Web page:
Four Freedoms Park Conservancy is honored to have received three awards this season: The first is from the Society of American Registered Architects and is known as the 'Synergy Award.' We also received a Parks & Trails of New York George W. Perkins Award for Environmental Leadership and also were granted the Engineering News Record Award of Merit: in the category of Landscape/Hardscape/Urban Development.
Earlier this summer we posted part 1 and part 2 of our survey of historical structures surrounding Four Freedoms Park.
It was a misty day at the Park. Stephen Martin conducted the Archtober tour on Sunday morning for architecture, art and design enthusiasts. The Ship of Tolerance was in view from Four Freedoms Park.
This past weekend Imagination Playground brought their mobile block-based play system to Four Freedoms Park for children and parents to build on the lawn!
Pepsi-Cola Sign, New York Architectural Terra-Cotta Company, Chrysler Building, Empire State Building, and Beekman Tower.
Ever wonder which historic structures make up the skyline that surrounds FDR Four Freedoms Park? Here's our selection of five surrounding structures that stand out. Check back for our next batch of five! We'll post them in the next few days. Which New York City structures would you like to see on this list?
This week we had our friends from Design Trust for Public Space and The Design Trust Council out at the Park to get a tour of New York City's new public space! We had a successful visit despite the ominous storm that was brewing.
On Tuesday, Four Freedoms Park attended FRIENDS of the Upper East Side Historic Districs' 30th Annual Meeting & Awards Ceremony at the Park Avenue Armory. Carter Wiseman presented us with the Distinctive Achievement Award. We're thrilled and honored to have received such an award!
Here are Carter Wiseman's beautiful words he shared before presenting the award..
While I was working on my biography of Louis Kahn, which was published in 2007, several people asked me if I was going to write about the architect's many unexecuted projects, including his memorial to Franklin Roosevelt, here in New York. I said no. I rather breezily explained my feelings at the time that works of architecture that are finished by others after the designer's death usually betray the original idea in some way. How wrong I was!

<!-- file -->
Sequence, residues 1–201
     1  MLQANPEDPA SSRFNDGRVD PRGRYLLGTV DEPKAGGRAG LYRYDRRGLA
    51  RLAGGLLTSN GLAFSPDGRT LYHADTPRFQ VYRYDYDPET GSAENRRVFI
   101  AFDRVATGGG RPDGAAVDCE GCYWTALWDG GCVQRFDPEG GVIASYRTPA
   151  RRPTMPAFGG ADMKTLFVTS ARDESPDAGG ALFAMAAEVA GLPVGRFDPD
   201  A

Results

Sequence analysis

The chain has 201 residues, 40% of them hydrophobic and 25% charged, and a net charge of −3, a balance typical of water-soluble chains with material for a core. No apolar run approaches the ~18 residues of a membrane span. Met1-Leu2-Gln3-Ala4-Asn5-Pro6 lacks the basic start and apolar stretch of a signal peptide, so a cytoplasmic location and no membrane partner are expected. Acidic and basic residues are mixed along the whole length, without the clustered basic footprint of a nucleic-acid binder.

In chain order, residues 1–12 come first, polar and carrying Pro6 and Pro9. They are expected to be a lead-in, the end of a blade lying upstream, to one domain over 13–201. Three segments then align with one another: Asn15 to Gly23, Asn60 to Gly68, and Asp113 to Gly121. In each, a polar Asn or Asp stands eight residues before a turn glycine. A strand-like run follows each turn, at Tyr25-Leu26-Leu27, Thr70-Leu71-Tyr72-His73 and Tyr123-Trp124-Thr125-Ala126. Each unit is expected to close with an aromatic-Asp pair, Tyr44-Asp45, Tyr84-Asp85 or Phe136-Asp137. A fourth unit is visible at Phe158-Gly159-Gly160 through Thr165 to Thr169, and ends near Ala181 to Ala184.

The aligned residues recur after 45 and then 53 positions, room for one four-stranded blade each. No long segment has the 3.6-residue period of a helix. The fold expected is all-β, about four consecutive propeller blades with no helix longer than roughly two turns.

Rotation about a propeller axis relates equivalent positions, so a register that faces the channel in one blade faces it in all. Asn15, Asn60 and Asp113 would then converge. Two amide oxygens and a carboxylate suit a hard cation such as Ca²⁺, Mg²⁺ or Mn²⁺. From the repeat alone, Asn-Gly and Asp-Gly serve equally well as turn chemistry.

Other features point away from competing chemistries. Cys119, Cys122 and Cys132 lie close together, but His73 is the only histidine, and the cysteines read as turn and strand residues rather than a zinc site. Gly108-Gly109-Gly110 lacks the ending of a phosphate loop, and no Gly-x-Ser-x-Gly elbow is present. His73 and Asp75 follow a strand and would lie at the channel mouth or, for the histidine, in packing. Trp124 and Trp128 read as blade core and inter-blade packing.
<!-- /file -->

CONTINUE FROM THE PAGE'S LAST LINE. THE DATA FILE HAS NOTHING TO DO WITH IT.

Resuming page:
The structure that we are honoring today on Roosevelt Island is, I think, one of Kahn's finest works. Although designed more than 40 years ago, and since refined in minor ways, it is nevertheless a distillation of what I feel is best about Kahn's architecture. Indeed, it is as if Kahn had returned to us with an urgent message during our current period of architectural disarray, with its focus on marquee names over substance. The message is about architecture's essential values: the respect for site, the honor due to enduring materials, the potential of monumentality, the importance of historical resonance, and--above all--the power of simple forms inspired by deeply felt emotions.
One of Kahn's former associates told me while I was working on my book that, "For Lou, every building was a temple." This architect said that Kahn considered his Salk Institute for Biological Studies in California to be a temple for science, that the assembly building in Bangladesh was a temple for government, and that at the Phillips Exeter Academy in New Hampshire was a temple for learning.
As you know, Kahn emigrated as a child from Estonia, a country then ruled by Russian czars, and came of age artistically in this country during a time of economic depression and a world war against totalitarianism. I think it is not too much to consider the Roosevelt memorial to be Kahn's temple for freedom. I can imagine no better finale to the career of one of history's great architects. New York--a city Kahn always felt was overly concerned with money and power compared to his adopted Philadelphia--is especially blessed to have such a place of worship.
The feeling seems to extend beyond our own species. Gina Pollara, the indomitable Executive Director of the Four Freedoms project, told me about a stange event. It seemed that during construction, a Harbor Seal took up residence on the little rock outcropping just south of Roosevelt Island, as if to monitor the progress of the work. The seal was there long enough for the construction crew to discuss giving the visitor a name. One option was "Frank," for Roosevelt. The other was "Lou." A vote was taken. Lou won.
The seal has gone, but the spirits of both Frank and Lou are with us for keeps, and joined in a place of special beauty.
On the morning of March 29, 2010, the FDR Four Freedoms Park construction team broke ground. With one Komatso backhoe loader and a Caterpillar, our small excavation team began to move the earth in search for bedrock to support the Room. Here is a photo of Day 1!
NEW YORK, NY (February 25, 2013) – Esteemed architect Louis Kahn will receive, posthumously, the Municipal Art Society’s 25th Brendan Gill Prize in recognition of his magnificent conception and design of FDR Four Freedoms Park on Roosevelt Island. The Park also was designated by Travel + Leisure this week as “Best Public Space” in the magazine’s Ninth Annual Design Awards.